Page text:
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June 5, 2007

4

oh the ironies! Darwin, Freud, Marx in church refurbs – but church planting is still key

by Mark Meynell

darwin.jpg freud.jpg marx.jpg

The 3 amigos as I like to call them: 3 venerable DWEMs (i.e. – Dead White European Males – of course, I’m all too aware that I fit 3 out of 4 of those epithets, but refuse to say which). If they but knew it, they would be spinning in their graves somewhere (look out for unusual subterranean activity in the vicinity of Highgate Cemetery). Not with despair but glee, mind. Why? Darwin (1809-1882), Freud (1856-1939) and Marx (1818-1883) were the intellectual titans of the 19th Century and in some ways became the 3 key foundations for 20th-21st century secularism (who together made God redundant in explaining zoology, psychology and sociology/history). And while experts find many things to quibble with them on details of their thought (perhaps Freud most of all), most today assume they have won convincingly in that wider project. You just have to look at what has happened to a number of buildings to see what i mean.

If you caught a bit of the first programme in David Dimbleby’s new series How We Built Britain, then you won’t need any persuading that buildings have huge symbolic significance. It was no accident that one of the greatest achievements of post-Norman invasion architecture was Ely Cathedral – a breathtaking mediaeval skyscraper built in the heartland of the remnants of opposition to the conquest – the Fens. It was saying, ‘we’re here now, we’ve won, so deal with it’. Of course, religious fervour had something to do with it but it wasn’t the whole story – politics always had a part to play in mediaeval church-buildings (despite the cathedral’s website appearing to ignore the fact!). Public buildings are all too often designed to overwhelm, humiliate, subdue, inspire, impress. Everyone plays the same game. Consider the impact of the imposing courts of the Foreign Office here in London on a trembling ambassador from a miscreant client state. Or take the space, scale and classical grandeur of Washington DC? Or even the proposal of some London Muslim groups to build a mega-mosque near the 2012 Olympics site? They are all designed to communicate messages of longevity, power and authority. So what’s this all got to do with the 3 amigos?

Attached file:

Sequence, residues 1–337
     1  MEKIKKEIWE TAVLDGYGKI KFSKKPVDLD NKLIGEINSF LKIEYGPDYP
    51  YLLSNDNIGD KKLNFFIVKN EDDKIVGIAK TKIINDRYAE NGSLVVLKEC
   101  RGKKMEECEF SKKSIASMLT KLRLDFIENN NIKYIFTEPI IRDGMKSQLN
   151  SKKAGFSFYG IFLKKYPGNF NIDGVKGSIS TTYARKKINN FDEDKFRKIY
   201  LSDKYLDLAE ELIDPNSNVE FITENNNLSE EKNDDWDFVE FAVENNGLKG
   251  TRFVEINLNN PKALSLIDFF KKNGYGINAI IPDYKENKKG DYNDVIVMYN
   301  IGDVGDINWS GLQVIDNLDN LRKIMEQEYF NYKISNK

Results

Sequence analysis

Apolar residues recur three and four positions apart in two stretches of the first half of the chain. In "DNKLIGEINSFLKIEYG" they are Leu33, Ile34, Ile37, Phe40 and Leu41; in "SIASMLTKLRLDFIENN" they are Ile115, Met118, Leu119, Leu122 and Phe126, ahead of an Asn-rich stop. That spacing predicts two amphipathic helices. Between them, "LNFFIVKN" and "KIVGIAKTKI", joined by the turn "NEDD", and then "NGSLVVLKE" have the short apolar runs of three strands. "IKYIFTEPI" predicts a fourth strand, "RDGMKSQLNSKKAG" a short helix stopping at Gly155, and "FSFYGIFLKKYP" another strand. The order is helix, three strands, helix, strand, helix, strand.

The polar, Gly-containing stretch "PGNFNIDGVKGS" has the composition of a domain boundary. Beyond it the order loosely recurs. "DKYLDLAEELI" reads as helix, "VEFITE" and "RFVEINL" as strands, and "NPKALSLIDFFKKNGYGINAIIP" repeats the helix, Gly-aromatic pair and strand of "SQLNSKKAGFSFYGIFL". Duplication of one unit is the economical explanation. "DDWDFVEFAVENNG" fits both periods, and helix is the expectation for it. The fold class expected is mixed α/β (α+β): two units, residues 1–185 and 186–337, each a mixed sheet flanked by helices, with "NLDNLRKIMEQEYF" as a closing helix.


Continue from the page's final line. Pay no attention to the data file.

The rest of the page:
norwich-discovery-centre.jpgDarwin’s Shrine

Well last week was the children’s half term, so we went to stay with my folks in Norfolk. Had a lovely time, in case you’re interested. But at a loss to know what to do with the kids on a number of rainy days, we took them to Norwich’s answer to London’s Science Museum: the Inspire Discovery Centre. It was all quite fun – with more buttons to press and things that go zing than you could ever dream of. It was small and compact, and yet such fun in fact that we were forced by pester power to go TWICE. The thing is – it had taken over a disused church (St Michael’s, Oak St). Which is fun – i really don’t have a problem with that. There’s no point these ancient buildings sitting derelict, unused and unloved. Far better this, than getting pulled down. But i couldn’t help but smile about the ironies. For at the sharp end (where there is usually a table or altar – depending on your theological sensibilities), there was an exhibit about dinosaur bones and – yes, you guessed it – EVOLUTION!!! This is not the place to get into all that today – perhaps a topic for the future (which will of course be great fun and make everyone on every side jolly and happy). But I’m sure the Darwins and Dawkins of this world must relish the irony. In a church of all buildings! They’ve won. You can’t believe in God – we’ve done away with him. Just visit mediaeval Norwich to see how.

But Darwin’s not the only one. Freud and Marx have also pulled it off from beyond the grave.

 

Marx’s Shrine

Soviet Russia was heralded to be the great communist paradise that Marx dreamed of. The victory it seemed was absolute. As well as the removal of capitalism with all the temptations and oppressions that capital brings, religion had to go. For religion in general, and Russian Orthodoxy in particular, was one of the worst culprits and tools of oppression.

Religious suffering is, at one and the same time, the expression of real suffering and a protest against real suffering. Religion is the sigh of the oppressed creature, the heart of a heartless world, and the soul of soulless conditions. It is the opium of the people.

Contribution to the Critique of Hegel’s Philosophy of Right

St Isaac's Cathedral in St PetersburgSo it was no doubt with considerable glee that the architects of the new era set about commandeering all the Churches and Cathedrals within their grasp. Many were magnificent buildings – and even the communists appreciated great architecture enough to preserve the better examples (this was particularly noticeable on a visit to Prague some years back where no new buildings were allowed in the city centre – the result is that the centre is gloriously evocative of the past but now completely ringed by concrete towers and neo-brutalist architecture). They would now serve a new purpose – as MUSEUMS! To the glories of the cause. One of the most striking is St Isaac’s Cathedral in St Petersburg. This had been the primary cathedral of Peter I’s great imperial city – and so to claim it for the revolutionary cause was a high priority. And unlike with London’s Millennium Dome, the Bolsheviks knew exactly what they wanted their showcase to contain – a museum of atheism! Some of the symbolism had to go of course. The dove was replaced by a Foucault’s Pendulum, that arch-testimony to human ingenuity and scientific progress (it proves the rotation of the earth). Even today in the supposedly more Orthodox-tolerant era of Putin’s Russia, the museum remains (although it is now an Art Museum), with Christian services occurring only in a side chapel. That’s quite revealing in itself – public improvement and culture marginalising religion instead of oppressing it (which is much more of a 20th Century western approach). How Marx would have enjoyed it all. Which just leaves the old shrink…